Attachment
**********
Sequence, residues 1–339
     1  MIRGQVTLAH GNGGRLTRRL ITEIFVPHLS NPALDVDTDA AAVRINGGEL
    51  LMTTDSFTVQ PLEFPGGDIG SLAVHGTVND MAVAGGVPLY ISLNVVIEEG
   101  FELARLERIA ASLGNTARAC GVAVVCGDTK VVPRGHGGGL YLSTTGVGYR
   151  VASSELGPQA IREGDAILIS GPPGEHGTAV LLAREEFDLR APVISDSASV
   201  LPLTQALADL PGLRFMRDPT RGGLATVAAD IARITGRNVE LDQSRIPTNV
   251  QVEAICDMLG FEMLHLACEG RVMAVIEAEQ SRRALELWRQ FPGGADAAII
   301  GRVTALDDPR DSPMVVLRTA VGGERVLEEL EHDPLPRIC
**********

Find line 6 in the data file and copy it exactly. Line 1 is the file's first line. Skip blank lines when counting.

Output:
   201  LPLTQALADL PGLRFMRDPT RGGLATVAAD IARITGRNVE LDQSRIPTNV